City Council FYI: Welcome to inaugural column
Welcome to the inaugural column of City Council FYI. Our goal is to have each City Council member choose a topic and write not only about the facts of a given situation, but how they think a solution should be crafted and predicated on their opinions. We will encourage separating out fact from opinion.
I’m up first, and I choose to write about City Council goals for 2018-19. Back in December 2017, Council held a retreat where we had an extensive discussion about our community goals. They are as follows.
• Goal 1: Fiscal sustainability — You may have noticed Council has spent six work sessions on fiscal sustainability, which is a fancy term for making sure that the city of Steamboat Springs’ revenues exceed its expenses.
While early indications that the 2018 calendar year is performing well, preliminary budget numbers for 2019 indicate a $500,000 to $3,500,000 shortfall. Hint: The expenses are expected to increase higher than revenue. We need a more diverse revenue stream. Did you know that Steamboat is one of six municipalities of 275 cities and towns in Colorado that do not have a property tax? And Colorado ranks 48 in the nation for the lowest total taxation. Stay tuned for an ongoing discussion on this most important topic. Included in this topic is “All Things Emergency Services.”
• Goal 2: Community engagement — We want to be the most approachable Council. Think Coffee with Council event, our booth at the farmers market, new monthly radio talk show “City Limits” on 105.7-FM, live broadcast on Cable Channel 6, return of streaming on the web and city’s engagement site, engagesteamboat.net. You can email us through the city’s web page. And of course our new monthly column in Steamboat Pilot & Today.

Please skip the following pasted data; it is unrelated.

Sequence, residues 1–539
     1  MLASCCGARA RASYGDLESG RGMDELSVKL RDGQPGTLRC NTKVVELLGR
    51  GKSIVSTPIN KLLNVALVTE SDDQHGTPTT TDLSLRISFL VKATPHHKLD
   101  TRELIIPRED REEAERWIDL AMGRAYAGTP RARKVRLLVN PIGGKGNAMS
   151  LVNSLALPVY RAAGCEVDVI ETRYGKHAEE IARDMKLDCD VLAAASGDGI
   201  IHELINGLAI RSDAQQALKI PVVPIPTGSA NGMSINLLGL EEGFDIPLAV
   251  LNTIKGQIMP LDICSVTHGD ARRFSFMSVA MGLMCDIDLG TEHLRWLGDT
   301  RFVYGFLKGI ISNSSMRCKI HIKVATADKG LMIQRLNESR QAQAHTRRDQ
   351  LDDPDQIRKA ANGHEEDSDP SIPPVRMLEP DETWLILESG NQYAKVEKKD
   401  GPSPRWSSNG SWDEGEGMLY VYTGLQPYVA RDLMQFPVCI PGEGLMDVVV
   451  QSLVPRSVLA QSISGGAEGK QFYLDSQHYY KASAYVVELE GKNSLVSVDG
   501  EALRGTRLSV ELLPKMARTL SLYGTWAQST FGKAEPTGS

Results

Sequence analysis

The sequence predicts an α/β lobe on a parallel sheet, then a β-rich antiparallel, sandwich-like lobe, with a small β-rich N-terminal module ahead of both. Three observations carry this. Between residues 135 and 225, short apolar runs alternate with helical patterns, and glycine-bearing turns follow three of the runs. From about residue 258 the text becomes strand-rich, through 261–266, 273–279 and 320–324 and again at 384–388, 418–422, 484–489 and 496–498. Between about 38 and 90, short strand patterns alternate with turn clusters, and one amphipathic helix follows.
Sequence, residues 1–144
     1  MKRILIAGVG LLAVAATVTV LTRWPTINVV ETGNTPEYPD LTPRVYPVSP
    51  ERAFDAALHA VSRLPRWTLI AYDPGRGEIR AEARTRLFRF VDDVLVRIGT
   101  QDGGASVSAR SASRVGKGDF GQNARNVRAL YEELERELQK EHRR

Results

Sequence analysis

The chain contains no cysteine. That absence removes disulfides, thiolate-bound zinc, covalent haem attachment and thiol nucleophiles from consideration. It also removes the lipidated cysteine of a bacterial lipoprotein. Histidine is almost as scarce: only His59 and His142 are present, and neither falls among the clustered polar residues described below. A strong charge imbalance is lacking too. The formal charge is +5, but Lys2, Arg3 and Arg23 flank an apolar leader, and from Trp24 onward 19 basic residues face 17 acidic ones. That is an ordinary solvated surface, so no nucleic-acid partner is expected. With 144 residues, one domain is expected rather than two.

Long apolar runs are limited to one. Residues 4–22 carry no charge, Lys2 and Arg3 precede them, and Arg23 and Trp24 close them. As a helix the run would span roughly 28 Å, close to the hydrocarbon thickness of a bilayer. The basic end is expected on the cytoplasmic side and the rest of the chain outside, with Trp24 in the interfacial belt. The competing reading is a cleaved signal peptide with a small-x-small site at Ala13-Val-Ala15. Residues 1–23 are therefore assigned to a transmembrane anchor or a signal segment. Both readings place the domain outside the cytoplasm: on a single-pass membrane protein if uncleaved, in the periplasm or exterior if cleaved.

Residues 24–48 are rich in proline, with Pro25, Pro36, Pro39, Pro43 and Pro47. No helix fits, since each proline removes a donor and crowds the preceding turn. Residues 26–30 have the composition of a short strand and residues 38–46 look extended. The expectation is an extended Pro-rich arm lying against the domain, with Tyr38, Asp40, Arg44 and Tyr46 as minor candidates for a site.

• Goal 3: Improve housing options — The city is proud of the community for passing Referendum 5A which will provide a dedicated funding source for the Yampa Valley Housing Authority. But the city can facilitate the construction of all types of housing by being more efficient with their policies and procedures. To that end, the Zucker report was commissioned to look at the development process and recommend efficiencies.
• Goal 4: Howelsen Hill — The city is working with its residents to get a clear vision of the needs and wants for Howelsen Hill, together with a long-term sustainable financial plan. The city has been working collaboratively with the Steamboat Springs Winter Sports Club on updating the Joint Use Agreement for Howelsen Hill.
• Goal 5: Downtown — We are updating the 1999 Master Plan, through resident workshops. Issues include land uses, density, height, parking standards, etc. Do you think there’s a parking problem? Email your thought to me at email@example.com.
• Goal 6: Long-term water planning — Clean water ranked the highest priority on this year’s community survey. The city is looking to identify and implement strategies to promote supply resiliency, including prepare for growth, plan for drought and wildfire, plan for a Colorado River Compact Call, plan for water conservation and develop redundant water supplies.
If we can do most of the above, Council will consider itself successful. However, we’ll only be so with the participation of our residents, so I strongly urge you to be a part of the process and let us know what you think on these key issues.
Kathi Meyer is the president pro tem for Steamboat Springs City Council. The above are my thoughts and do not necessarily reflect those of my fellow council members.
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